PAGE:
Christian Fellowship Church tries to provide place for refugees, immigrants

Wednesday, February 29, 2012 | 6:16 p.m. CST; updated 8:08 a.m. CST, Thursday, March 1, 2012

COLUMBIA — Christian Fellowship Church has been striving to provide a place where foreign refugees and immigrants new to Columbia can feel welcome.

Tara Freemen, deaconess of refugees at the church, estimates that about 30 percent of the church's population is made up of people who are originally from another country.

The church regularly holds small group sessions where an average of eight to 16 people of different backgrounds can meet to discuss Christian beliefs. But the church has been attempting to reach out to the international community during its regular Sunday service, too.

In the past, people who didn't speak English attended the Sunday service in a separate room where they could hear the sermon in their own language. Recently, all services have been combined so that non-English speakers can sit with other members of the church. During the service, they use headsets to hear the sermon in their own language.

On Feb. 12, the church held a special service that showcased the diversity of the congregation more than usual. The church held an international communion where people from other countries served communion and said in their own languages, "Body of Christ. Blood of Christ."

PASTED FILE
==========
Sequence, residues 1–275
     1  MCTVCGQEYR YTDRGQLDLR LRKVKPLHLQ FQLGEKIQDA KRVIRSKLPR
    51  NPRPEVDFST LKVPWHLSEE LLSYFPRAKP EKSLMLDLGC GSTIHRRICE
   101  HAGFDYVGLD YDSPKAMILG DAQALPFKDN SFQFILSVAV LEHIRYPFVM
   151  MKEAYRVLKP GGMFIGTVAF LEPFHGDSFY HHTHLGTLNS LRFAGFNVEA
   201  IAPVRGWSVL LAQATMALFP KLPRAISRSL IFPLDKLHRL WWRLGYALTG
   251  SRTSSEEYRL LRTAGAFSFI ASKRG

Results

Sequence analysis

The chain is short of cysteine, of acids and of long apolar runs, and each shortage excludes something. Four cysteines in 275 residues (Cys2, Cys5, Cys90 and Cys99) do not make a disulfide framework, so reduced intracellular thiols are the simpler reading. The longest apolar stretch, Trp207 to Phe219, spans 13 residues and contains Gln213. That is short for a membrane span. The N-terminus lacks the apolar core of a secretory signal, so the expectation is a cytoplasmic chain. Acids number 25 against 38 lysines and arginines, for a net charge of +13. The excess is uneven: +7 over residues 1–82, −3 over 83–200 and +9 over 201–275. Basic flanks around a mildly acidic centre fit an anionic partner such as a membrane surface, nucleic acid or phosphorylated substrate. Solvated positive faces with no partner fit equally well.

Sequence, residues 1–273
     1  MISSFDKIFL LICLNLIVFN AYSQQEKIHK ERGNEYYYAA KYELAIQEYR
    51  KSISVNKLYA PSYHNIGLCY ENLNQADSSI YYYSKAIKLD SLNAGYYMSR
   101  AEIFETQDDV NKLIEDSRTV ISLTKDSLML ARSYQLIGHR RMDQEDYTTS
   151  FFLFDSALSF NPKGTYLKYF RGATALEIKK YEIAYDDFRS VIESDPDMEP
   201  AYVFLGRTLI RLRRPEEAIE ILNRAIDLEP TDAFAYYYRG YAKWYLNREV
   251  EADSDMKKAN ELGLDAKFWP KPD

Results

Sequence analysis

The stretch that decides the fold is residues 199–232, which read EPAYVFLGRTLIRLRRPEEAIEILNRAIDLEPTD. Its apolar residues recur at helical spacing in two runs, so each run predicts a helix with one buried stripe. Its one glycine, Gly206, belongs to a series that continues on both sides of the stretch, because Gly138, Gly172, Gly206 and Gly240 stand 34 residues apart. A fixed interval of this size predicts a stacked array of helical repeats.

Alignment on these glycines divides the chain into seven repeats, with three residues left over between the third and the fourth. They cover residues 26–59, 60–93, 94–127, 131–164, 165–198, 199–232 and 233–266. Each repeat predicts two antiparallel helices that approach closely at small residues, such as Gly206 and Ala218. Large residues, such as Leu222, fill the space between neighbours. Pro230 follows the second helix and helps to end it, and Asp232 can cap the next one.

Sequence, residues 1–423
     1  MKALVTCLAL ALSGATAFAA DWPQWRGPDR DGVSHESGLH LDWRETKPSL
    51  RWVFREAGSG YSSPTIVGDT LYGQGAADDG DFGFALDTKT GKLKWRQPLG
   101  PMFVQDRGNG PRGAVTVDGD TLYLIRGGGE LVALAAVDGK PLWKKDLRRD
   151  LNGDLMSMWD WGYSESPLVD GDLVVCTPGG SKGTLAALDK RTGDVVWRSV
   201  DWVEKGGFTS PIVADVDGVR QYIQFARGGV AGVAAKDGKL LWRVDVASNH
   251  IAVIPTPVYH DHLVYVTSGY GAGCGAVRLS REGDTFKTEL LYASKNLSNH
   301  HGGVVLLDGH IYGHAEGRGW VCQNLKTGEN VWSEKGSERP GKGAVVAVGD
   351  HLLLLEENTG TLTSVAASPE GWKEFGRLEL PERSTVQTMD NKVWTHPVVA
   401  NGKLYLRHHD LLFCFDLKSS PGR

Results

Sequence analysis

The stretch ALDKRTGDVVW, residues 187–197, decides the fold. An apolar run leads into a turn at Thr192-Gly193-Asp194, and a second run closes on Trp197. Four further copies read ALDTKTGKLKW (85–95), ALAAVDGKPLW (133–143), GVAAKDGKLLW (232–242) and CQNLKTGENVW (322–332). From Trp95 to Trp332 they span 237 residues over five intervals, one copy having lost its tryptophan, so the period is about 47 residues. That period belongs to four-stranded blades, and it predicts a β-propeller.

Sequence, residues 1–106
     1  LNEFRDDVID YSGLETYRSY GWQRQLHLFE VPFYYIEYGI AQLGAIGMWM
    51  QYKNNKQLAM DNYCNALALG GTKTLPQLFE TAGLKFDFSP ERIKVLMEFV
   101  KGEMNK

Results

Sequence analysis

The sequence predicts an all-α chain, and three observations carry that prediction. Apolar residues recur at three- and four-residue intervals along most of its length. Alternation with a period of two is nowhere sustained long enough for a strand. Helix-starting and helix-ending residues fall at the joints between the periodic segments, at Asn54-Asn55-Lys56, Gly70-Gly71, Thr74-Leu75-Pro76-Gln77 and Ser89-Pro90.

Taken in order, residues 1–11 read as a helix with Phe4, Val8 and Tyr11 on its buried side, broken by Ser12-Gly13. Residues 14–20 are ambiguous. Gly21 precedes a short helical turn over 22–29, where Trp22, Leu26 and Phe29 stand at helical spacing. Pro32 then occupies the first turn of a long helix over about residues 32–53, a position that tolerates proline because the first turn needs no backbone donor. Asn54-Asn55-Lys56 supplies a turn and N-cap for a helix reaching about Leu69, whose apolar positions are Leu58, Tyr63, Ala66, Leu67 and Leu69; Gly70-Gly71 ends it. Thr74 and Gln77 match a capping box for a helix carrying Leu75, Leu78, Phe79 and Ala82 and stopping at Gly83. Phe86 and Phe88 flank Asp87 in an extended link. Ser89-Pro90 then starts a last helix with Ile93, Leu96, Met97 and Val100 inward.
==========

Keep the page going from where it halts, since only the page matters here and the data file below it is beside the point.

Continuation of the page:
After the communion, an African choir took the stage to dance and sing worship songs in Kirundi.

One member of the church, Burmese refugee Vung Lun Cing, said she appreciated the church's effort to welcome people from other countries and help them adjust to life in America. For Cing, the most difficult part of moving to the United States was learning English.

"The important thing is language," Cing said. “Now we've been here two years, I feel a little bit better. I can speak a little bit more. Before, we did not know how to speak. We cannot go ourselves shopping or something like a restaurant. It's very hard. Very, very hard."

Cing, her husband and her two daughters have been living in America for two years.

Cing took English classes at Douglass High School for two months when she first arrived but decided she needed the time to care for her two daughters. Still, Cing said she has been able to pick up the language with the help of friends she has met at Christian Fellowship. Cing said settings such as the church's small group discussions gave her the opportunity to practice her English.

"When we get to Columbia, I don't have a friend," Cing said. "So I know Lori and she invited (me) to go to Christian fellowship, and I went with her, and I love it."

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